A day before the last Republican presidential debate of the year, two Republican candidates held rallies near the Las Vegas strip, less than a mile apart. In spite of their proximity, the events had almost nothing in common.

Marco Rubio was in a medium-size hotel ballroom, with a few hundred people in attendance. It seemed, at first, that Rubio might struggle to fill the room, as supporters came in slowly. But fill it did.

If you've given money to a political campaign, brace yourself.

You're going to be seeing a whole lot of emails in your inbox over the next couple of weeks, asking for money as the year draws to a close.

Those emails will take many different forms:

The political atmosphere has shifted considerably since the last Republican presidential debate a month ago, creating a different dynamic ahead of Tuesday evening's GOP face-off in Las Vegas.

Washington Governor Jay Inslee will run for re-election in 2016. The first-term Democrat hasn’t made an official announcement yet, but said he would run in an exclusive interview on TVW’s “Inside Olympia” program.

2015 was an unusual year in Oregon politics, to say the least. For the first time in the state's 156 year history, a governor -- John Kitzhaber -- stepped down under pressure. Oregon's new governor -- Kate Brown -- spent much of the year trying to distance herself from her predecessor.

Hillary Clinton got side-eyed after blasting Jennifer Lopez's "Let's Get Loud" at a campaign stop in San Antonio where she called herself "La Hillary" and "Tu Hillary." Jeb Bush earned eye rolls after debuting a Spanish-language ad celebrating Cinco de Mayo.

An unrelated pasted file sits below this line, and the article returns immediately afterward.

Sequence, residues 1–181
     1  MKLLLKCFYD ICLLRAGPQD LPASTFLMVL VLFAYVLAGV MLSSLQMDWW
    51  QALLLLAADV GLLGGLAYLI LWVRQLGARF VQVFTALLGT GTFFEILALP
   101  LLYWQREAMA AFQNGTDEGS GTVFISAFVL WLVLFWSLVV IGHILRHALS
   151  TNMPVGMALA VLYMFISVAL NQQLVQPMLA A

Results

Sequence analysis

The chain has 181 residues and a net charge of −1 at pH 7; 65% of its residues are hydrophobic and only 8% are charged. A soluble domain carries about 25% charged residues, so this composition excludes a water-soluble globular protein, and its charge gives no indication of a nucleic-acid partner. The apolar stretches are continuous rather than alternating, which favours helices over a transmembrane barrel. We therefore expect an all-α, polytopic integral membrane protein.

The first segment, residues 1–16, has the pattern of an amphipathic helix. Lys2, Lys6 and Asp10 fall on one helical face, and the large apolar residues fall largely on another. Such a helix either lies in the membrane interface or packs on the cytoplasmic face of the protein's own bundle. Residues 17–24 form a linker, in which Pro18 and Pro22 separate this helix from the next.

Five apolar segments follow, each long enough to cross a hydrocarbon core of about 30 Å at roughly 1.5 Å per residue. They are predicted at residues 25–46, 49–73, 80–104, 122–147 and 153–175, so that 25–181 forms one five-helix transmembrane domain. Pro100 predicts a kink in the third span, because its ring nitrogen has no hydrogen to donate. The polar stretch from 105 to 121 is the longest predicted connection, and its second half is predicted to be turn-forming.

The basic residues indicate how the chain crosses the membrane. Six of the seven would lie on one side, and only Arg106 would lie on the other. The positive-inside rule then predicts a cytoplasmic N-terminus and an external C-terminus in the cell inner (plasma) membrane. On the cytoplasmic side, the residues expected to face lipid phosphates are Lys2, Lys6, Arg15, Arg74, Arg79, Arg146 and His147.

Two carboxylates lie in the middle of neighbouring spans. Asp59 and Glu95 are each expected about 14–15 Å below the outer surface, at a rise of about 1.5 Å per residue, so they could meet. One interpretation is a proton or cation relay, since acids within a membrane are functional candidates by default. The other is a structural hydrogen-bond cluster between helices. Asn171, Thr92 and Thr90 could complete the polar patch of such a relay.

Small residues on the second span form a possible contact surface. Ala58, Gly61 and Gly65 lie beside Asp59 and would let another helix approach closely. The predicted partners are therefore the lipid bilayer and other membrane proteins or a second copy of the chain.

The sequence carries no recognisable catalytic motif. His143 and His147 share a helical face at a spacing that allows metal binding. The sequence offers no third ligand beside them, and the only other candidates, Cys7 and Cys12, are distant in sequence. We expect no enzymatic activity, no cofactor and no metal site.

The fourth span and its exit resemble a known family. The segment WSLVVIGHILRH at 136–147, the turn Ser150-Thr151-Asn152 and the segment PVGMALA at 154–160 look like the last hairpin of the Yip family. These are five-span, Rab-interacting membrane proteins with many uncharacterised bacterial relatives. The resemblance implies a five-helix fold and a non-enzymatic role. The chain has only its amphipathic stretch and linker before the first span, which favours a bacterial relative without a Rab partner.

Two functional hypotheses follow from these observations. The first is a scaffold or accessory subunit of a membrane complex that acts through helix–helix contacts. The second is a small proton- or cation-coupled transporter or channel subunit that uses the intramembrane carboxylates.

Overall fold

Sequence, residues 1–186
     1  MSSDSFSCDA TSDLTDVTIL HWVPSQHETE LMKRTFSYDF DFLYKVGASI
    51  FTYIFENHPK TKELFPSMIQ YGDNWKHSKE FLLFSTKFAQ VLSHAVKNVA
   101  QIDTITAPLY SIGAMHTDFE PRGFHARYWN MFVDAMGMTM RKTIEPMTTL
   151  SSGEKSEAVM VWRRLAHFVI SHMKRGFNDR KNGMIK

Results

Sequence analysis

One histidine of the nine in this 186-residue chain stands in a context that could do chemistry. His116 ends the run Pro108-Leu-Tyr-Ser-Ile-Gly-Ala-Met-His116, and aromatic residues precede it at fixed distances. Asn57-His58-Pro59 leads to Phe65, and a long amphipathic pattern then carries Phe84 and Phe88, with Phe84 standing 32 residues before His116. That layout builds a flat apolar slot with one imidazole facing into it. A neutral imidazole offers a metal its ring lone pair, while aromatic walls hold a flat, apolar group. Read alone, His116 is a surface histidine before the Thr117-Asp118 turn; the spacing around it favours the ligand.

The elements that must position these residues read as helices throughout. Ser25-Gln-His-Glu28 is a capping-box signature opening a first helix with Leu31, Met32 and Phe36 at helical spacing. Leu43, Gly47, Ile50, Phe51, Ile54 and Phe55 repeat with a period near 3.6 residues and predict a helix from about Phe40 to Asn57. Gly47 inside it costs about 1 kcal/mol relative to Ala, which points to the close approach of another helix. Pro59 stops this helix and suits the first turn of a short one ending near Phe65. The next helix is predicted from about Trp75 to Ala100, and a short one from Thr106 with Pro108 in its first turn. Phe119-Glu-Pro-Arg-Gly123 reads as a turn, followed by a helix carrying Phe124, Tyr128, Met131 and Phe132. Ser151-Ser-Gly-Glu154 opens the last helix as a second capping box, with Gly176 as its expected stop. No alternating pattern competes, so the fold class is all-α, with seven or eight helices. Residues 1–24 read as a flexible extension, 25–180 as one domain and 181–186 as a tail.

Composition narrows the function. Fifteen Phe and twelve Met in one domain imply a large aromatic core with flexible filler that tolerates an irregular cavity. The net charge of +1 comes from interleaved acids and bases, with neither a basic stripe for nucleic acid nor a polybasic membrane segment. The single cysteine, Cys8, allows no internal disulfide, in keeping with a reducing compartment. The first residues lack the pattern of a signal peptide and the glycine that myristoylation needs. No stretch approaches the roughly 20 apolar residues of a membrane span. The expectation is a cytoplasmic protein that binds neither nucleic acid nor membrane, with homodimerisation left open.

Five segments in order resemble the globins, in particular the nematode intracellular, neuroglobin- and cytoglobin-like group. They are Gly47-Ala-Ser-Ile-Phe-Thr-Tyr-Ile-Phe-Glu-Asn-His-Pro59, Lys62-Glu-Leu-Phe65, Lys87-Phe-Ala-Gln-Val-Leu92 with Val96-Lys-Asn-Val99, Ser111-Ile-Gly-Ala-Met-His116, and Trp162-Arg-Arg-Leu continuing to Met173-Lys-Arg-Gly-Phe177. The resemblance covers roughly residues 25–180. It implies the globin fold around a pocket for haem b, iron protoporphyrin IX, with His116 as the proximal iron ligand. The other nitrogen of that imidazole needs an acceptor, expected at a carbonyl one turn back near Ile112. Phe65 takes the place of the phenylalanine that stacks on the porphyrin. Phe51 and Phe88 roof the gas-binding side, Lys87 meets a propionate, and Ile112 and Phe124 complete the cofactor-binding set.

The latest pronouncement from the presidential campaign of Donald Trump calls for the U.S. to refuse to let any Muslim — from anywhere — into the United States.

It has prompted very strong criticism, including from some of his fellow Republican candidates and state party leaders.

The Philadelphia Daily News cover Tuesday morning labels Trump "The New Furor."

Trump's proposal came the day after President Obama's Sunday night televised address from the Oval Office in which the president urged Americans to reject discrimination against Muslim Americans.

South Carolina Sen. Tim Scott is playing an increasingly important role in his state's crucial Republican primary. He's also playing an important role in his party, as the only black Republican in the Senate at a time when the GOP is struggling to win minority support.

As soon as Donald Trump announced that he'd gained the endorsement of 100 black ministers from across the country on Monday, there were skeptics.